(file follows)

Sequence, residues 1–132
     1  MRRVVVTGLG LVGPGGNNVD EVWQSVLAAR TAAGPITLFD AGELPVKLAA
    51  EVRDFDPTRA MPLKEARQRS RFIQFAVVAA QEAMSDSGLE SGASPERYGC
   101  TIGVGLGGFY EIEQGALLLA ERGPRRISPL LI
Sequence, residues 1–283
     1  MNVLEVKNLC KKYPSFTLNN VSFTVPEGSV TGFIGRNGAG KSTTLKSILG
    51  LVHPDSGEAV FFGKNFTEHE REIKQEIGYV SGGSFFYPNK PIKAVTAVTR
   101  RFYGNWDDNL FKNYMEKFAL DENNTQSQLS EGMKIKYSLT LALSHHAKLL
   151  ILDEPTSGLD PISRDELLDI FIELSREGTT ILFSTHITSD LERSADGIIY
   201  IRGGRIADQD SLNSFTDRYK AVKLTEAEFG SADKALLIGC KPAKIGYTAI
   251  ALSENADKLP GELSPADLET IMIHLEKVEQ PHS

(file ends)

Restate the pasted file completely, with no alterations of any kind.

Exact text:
Sequence, residues 1–132
     1  MRRVVVTGLG LVGPGGNNVD EVWQSVLAAR TAAGPITLFD AGELPVKLAA
    51  EVRDFDPTRA MPLKEARQRS RFIQFAVVAA QEAMSDSGLE SGASPERYGC
   101  TIGVGLGGFY EIEQGALLLA ERGPRRISPL LI
Sequence, residues 1–283
     1  MNVLEVKNLC KKYPSFTLNN VSFTVPEGSV TGFIGRNGAG KSTTLKSILG
    51  LVHPDSGEAV FFGKNFTEHE REIKQEIGYV SGGSFFYPNK PIKAVTAVTR
   101  RFYGNWDDNL FKNYMEKFAL DENNTQSQLS EGMKIKYSLT LALSHHAKLL
   151  ILDEPTSGLD PISRDELLDI FIELSREGTT ILFSTHITSD LERSADGIIY
   201  IRGGRIADQD SLNSFTDRYK AVKLTEAEFG SADKALLIGC KPAKIGYTAI
   251  ALSENADKLP GELSPADLET IMIHLEKVEQ PHS